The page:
streets in cars or on a motorbike
at night. It’s a wonder no one
has been injured. Every now and
again backyard fireworks are let
Has it been long enough now
to say something about the
Renmark Paringa Christmas
Pageant? I understand how
much work was put into it by
organisers and those who put
floats in the parade. And I’m
not putting these people down,
because at least they put their
hands up to do some volunteer
work for the community. But
having it on a Saturday is a bad
idea, in my opinion. I was there
and the crowd was down on
other years. Half of the reason
why pageant night has worked in
the past is because it happens
immediately after work on a
Friday night, so everyone at
work, or in town, hangs around
and helps make it a great night.
Hopefully it moves back to Friday
night. I think many people would
agree with me?
I saw two people on the river last
week and happened to see their
yabby catch. They must have
had 600 yabbies – well over
the limit. Come on, Riverland,
play by the rules and make sure
there are enough yabbies for
Boiling yabbies alive (Text Line,
13/1/17) We used to do a lot
worse to them when we were
If you work in a local
supermarket, and you’d
rather have a conversation
with your workmates than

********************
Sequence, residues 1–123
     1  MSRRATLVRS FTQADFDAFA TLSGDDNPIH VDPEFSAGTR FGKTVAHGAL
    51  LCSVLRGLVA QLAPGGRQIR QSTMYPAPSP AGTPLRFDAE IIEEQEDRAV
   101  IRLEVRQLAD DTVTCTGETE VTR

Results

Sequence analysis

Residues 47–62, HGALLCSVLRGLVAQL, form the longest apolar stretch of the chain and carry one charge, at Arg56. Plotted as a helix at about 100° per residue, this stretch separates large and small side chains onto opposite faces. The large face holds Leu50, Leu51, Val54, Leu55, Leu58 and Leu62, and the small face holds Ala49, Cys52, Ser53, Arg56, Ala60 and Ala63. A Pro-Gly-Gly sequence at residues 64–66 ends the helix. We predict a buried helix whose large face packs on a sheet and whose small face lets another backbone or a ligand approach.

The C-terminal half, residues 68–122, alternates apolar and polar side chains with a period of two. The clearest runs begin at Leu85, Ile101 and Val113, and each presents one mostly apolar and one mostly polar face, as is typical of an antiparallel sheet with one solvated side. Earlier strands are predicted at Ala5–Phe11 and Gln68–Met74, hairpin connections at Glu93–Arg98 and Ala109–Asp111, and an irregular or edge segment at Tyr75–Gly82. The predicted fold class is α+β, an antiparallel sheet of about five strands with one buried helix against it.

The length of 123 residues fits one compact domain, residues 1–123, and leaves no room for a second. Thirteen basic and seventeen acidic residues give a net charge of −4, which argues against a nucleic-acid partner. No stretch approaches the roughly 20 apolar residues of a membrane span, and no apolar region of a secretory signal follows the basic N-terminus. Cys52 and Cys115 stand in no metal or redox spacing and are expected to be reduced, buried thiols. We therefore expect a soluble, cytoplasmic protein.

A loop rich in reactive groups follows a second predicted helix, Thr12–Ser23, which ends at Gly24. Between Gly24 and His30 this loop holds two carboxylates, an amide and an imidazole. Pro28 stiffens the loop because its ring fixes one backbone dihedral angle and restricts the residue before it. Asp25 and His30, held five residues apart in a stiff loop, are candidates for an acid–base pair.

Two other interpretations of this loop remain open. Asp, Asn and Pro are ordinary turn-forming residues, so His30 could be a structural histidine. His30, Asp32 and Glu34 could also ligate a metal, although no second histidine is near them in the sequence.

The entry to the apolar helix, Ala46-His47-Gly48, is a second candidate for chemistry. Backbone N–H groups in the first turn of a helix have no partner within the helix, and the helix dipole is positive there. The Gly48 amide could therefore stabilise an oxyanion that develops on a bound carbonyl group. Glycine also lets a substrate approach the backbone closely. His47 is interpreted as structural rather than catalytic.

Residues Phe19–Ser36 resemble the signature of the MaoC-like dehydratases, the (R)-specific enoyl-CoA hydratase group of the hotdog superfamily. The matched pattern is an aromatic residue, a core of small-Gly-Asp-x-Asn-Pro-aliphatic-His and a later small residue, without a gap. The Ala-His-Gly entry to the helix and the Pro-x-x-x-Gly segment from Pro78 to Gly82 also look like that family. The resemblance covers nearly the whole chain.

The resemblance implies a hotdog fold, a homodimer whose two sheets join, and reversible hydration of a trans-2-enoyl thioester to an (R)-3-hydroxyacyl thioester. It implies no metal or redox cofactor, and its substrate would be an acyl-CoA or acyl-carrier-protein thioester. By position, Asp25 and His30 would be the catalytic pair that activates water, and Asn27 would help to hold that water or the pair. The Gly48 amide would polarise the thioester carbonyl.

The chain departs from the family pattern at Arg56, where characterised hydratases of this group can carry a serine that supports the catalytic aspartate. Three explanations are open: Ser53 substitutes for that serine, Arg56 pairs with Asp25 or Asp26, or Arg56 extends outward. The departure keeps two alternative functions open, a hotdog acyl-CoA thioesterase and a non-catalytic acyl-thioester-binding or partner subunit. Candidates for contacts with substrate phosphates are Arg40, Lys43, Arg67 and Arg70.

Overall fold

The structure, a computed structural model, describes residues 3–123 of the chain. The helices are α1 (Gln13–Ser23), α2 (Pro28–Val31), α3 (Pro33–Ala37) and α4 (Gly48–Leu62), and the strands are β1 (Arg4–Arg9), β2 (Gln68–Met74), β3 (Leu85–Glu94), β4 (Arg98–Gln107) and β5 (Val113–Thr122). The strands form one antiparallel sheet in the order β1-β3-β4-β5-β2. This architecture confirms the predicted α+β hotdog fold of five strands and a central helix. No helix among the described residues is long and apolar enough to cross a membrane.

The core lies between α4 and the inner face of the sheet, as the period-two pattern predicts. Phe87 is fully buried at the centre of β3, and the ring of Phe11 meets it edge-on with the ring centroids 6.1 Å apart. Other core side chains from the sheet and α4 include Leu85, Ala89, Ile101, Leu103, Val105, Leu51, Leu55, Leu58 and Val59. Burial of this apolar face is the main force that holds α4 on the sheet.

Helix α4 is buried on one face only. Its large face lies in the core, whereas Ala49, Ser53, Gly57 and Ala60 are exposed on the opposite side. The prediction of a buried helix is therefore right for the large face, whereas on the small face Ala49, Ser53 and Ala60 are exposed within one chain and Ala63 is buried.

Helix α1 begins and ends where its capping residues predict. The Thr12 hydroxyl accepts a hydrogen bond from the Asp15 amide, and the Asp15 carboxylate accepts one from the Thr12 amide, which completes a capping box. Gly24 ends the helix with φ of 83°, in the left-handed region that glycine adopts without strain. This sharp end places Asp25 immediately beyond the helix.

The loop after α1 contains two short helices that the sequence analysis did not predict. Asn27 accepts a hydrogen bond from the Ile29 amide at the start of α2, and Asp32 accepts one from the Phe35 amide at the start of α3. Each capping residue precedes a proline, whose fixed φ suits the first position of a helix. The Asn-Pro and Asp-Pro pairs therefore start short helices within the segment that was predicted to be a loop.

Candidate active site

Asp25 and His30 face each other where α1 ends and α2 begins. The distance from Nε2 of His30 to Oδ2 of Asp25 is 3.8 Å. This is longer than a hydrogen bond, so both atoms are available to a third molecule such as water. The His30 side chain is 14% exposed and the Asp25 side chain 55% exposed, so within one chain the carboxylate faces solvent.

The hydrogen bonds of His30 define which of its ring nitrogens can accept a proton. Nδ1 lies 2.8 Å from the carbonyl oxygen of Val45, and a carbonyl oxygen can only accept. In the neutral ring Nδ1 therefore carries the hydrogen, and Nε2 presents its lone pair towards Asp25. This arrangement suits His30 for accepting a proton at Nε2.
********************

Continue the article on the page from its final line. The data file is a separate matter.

serve customers... maybe you
shouldn’t be working there?
What about giving the customer
your full attention, or at least
some of it?
started in 2005
The Murray Pioneer Pty Ltd (ACN 007 871 007)
78 Ral Ral Avenue, Renmark 5341,
PO 832 Renmark 5341
Phone: 8586 8000 Fax: 8586 4333
Editor: Paul Mitchell
Monday to Friday 8.30am-5pm
LETTERS TO THE EDITOR
20 years January 17. 1997
REGION DRUG CAPITAL OF SA:
Riverland police warned this week that the
drug amphetamine is being manufactured,
sold and used in the Riverland, and drug
dealers are targeting the region’s youth.
Det Sgt. Graeme Adcock of the Riverland
CIB said the availability of amphetamine
was widespread and could be found at
popular night spots in the region.
PO Box 832, Renmark, SA, 5341
(08) 8586 8000
0448 629 186
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The editor reserves the right to edit all letters.